As Chief Massasoit’s son, Metacomet, took leadership of the Wampanoag, a war was brewing over the execution of several tribe members. They were accused of murdering Punkapoag interpreter and newly converted Christian, John Sassamon.

Metacomet was known to the English as “King Phillip,” and his retaliation for his tribe members’ execution was brutal. Wampanoag warriors executed a series of raids, burned settlements down to the ground, and abducted colonists for ransom.

The English waged an attack on a tribe that harbored Wampanoag called the Narragansett. Over 600 Narragansett people were killed and their winter food stores were destroyed. Tribes formed alliances with colonists and turn against each other. 

As Metacomet fled to New York in order to recruit more allies, he was attacked by the Mohawk tribe. He was shot and killed in the last battle on his way to his ancestral home at Mount Hope. His allies were sold into slavery or executed, and they reportedly placed his head on a spike and displayed in Plymouth for over 25 years.

So, When Did Thanksgiving Become a National Holiday?

George Washington was the first person to start an official Thanksgiving day in 1789. He asked Americans to show their appreciation for the final ending of the war of independence and the successful adoption of the U.S. Constitution. However, it was Abraham Lincoln who proclaimed the final Thursday of every November was to be Thanksgiving in 1863. This day commended all those affected by the civil war that tore America apart.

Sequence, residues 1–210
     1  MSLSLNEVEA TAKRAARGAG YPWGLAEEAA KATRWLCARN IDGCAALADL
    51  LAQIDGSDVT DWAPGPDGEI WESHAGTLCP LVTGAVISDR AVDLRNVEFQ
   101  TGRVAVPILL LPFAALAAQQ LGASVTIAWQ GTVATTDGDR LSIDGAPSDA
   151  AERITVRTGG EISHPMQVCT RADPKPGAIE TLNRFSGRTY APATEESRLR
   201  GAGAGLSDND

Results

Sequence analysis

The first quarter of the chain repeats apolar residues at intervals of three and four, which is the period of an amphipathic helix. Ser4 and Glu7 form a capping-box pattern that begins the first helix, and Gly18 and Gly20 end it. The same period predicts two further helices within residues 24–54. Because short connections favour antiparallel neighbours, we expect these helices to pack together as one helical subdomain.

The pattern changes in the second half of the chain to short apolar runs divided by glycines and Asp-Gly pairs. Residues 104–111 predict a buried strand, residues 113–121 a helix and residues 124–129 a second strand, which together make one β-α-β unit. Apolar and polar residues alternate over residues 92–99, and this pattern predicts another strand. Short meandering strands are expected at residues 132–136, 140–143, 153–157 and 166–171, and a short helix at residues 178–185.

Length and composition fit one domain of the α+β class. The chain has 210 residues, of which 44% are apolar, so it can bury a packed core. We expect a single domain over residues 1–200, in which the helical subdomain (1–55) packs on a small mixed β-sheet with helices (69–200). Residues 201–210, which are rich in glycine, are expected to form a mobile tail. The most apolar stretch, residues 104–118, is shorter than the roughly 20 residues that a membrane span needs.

In 1939, President Franklin D. Roosevelt moved Thanksgiving up a full week, in order to improve retail sales during the great depression. However, this was met with significant opposition and the president signed a bill in 1941 making Thanksgiving the fourth Thursday in November.

Should We Rethink How We Celebrate Thanksgiving?

The myth of the first Thanksgiving in America is ideal, but far from what actually happened. The delicious banquet of rich meats and decadent pies, typically shown in pictures and paintings, was not on the menu. Historians believe dishes were prepared using traditional Native American spices and cooking methods. During winter, the sugar supply diminished, so sweets were impossible to come by.

Perhaps the biggest issue with the history of Thanksgiving is that it starts when the Europeans arrived in America. It completely ignores the rich history of the Native American people. Common images online and in magazines misrepresent the deterioration of the alliance the Wampanoags had with the colonists and disregards the bloody wars, massacred people, and land taken from the Native Americans.

Smiling mother with cowboy hat holding infant
Photo by Austin Wade on Unsplash

What Are Other Ways to Celebrate Thanksgiving?

Most important, Americans need to capture the spirit of the indigenous people. One of the biggest things you can do to celebrate Thanksgiving is by educating yourself on Native American traditions, literature, culture, and cuisines. 

Start by enlightening your friends and family on how Thanksgiving can enforce hurtful stereotypes against Native Americans. For instance, you may notice offensive images in holiday decorations and cultural appropriation in the school curriculum.